World oil prices, which increased in 1999 and 2000, are projected to begin falling in 2001, according to a new Annual Energy Outlook 2001 from the U.S. Department of Energy's Energy Information Administration.
Natural gas prices, which also increased in 2000, are expected to decline within two years. In the longer term, technology improvements in the exploration and production of oil and gas are expected to moderate price increases even as demand for these fuels grows.
EIA projects world oil prices will be $22.41 per barrel in 2020, similar to last year's projection. In the interim, the price of a barrel of crude is projected to cost $27.60 in 2000, $20.83 in 2005, $21.37 in 2010 and $21.89 in 2015.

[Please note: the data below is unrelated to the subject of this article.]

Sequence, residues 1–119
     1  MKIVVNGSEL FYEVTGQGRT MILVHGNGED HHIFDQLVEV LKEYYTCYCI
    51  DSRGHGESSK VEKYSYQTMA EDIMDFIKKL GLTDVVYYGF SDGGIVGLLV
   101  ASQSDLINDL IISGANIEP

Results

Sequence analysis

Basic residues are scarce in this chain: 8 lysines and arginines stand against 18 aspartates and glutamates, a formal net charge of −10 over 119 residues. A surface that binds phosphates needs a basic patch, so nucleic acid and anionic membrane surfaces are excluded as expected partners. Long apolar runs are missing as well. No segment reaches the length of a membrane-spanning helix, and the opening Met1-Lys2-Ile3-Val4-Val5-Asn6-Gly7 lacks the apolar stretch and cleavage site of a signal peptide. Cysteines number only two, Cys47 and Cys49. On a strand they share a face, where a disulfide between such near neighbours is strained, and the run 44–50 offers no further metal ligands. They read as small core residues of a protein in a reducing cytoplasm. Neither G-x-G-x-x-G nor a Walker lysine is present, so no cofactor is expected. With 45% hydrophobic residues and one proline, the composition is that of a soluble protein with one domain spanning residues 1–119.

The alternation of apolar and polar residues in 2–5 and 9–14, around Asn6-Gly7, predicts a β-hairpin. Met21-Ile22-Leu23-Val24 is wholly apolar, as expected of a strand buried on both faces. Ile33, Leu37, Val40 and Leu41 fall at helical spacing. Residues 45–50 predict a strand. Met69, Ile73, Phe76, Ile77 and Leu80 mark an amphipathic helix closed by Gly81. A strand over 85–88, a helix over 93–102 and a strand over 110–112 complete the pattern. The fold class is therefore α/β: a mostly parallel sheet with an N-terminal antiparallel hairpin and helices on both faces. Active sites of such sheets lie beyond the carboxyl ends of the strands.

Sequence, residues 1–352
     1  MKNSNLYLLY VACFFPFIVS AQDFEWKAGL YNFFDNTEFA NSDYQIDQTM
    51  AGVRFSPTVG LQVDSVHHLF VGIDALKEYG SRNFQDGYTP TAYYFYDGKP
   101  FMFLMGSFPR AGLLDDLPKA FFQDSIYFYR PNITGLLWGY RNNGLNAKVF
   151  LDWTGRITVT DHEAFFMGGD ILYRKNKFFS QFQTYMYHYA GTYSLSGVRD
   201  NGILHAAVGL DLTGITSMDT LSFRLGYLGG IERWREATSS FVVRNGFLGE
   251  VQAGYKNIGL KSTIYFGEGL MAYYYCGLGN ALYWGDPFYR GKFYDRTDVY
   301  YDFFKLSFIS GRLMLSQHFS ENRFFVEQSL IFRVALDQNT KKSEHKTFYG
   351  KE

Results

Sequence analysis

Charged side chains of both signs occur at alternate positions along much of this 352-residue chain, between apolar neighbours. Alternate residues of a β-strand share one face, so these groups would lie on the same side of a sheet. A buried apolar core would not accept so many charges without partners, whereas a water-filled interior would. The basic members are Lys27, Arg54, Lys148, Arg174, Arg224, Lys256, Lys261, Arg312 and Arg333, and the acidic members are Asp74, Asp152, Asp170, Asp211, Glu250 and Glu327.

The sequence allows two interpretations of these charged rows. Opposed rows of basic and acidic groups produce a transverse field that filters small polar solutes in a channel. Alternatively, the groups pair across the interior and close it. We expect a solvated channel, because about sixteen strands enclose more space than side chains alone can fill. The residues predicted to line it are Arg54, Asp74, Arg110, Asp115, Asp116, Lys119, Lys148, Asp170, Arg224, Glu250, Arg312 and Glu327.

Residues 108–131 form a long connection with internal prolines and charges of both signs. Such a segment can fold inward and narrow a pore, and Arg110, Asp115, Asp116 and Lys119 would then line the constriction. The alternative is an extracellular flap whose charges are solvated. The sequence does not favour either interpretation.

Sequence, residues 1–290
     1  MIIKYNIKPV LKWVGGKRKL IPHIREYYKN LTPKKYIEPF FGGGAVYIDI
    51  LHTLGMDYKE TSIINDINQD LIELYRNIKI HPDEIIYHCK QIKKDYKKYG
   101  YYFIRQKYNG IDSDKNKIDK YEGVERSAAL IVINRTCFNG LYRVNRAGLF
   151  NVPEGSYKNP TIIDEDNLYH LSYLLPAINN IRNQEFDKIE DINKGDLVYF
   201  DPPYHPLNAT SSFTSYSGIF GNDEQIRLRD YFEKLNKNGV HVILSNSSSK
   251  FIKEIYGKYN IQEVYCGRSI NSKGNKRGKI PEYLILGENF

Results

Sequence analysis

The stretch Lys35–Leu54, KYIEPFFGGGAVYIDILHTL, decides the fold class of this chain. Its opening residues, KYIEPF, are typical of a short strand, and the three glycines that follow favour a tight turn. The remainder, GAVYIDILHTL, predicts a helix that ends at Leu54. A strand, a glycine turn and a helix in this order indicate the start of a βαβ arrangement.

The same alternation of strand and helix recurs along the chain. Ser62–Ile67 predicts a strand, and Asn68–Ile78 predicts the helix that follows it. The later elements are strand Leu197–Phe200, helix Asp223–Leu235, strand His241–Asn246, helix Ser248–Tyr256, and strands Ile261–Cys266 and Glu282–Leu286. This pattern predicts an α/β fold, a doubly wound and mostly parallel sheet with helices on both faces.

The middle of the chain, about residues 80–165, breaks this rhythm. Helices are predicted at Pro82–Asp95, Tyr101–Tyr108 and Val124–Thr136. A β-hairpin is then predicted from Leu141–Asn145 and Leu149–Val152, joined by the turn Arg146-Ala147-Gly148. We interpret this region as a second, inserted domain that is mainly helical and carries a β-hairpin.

The average wellhead price of natural gas is expected to reach $3.13 per Mcf in 2020, 10 percent higher than forecast last year due to greater expected demand for natural gas over the coming decades, primarily for electricity generation.
The EIA study expected crude production in the Caspian Sea Basin to reach 6 million b/d in 2020, with production expanding in areas offshore West Africa and the North Sea.
While production is expected to decline in the U.S. at a rate of about 1 percent annually over the next 20 years, production is forecast to increase in Brazil, Colombia, Canada and Mexico.
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